What does it mean to be Asian in a country where everything seems Black and white?

Growing up, author and scholar Julia Lee says she spent much of her formative years angry about never being seen, ashamed that she felt powerless as a Korean woman, and suffering from generational trauma passed down from her immigrant parents.

On Under the Radar with Callie Crossley, Lee said understanding her place in a racial hierarchy constructed around Black and white has been a complicated journey.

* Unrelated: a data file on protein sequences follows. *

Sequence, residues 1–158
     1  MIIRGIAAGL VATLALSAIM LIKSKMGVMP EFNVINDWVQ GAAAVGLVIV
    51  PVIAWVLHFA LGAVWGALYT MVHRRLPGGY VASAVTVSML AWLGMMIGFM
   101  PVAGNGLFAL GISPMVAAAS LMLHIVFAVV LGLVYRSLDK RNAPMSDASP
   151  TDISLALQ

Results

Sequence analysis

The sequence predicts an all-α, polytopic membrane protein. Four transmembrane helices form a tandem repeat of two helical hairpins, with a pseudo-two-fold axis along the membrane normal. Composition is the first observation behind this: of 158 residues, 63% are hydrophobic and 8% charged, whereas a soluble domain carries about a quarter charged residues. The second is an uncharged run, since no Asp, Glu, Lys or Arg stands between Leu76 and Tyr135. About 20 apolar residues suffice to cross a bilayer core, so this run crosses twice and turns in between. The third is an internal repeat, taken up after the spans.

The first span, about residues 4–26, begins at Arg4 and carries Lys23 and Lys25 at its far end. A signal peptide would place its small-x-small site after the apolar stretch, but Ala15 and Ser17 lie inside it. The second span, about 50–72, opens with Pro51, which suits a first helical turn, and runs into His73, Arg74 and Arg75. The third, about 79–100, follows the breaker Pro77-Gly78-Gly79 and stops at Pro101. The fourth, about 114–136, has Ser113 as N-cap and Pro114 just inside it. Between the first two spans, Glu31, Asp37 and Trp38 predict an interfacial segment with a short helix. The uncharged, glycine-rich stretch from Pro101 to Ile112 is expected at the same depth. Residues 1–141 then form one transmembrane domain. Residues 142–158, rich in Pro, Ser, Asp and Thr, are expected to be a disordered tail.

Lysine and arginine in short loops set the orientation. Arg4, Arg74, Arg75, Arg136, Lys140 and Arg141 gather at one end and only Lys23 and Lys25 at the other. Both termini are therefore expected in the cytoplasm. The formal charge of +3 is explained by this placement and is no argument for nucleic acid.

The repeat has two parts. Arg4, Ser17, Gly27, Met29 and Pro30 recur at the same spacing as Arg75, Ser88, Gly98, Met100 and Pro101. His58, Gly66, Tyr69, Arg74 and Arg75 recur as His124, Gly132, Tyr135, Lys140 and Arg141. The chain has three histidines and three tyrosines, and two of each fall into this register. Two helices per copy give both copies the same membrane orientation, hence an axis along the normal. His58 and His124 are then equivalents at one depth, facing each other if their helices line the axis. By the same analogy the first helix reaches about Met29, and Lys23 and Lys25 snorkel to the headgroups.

"It's just that in our society and in our culture, being white means you get to be treated as human, and that is all I and so many people of color want," she said. "Unfortunately, when we look around, the only people who get to be treated as full human beings are white. And so it's not whiteness we want, we just want to be treated with humanity and humaneness."

Lee explores this journey in her new memoir, "Biting the Hand: Growing Up Asian in Black and White America."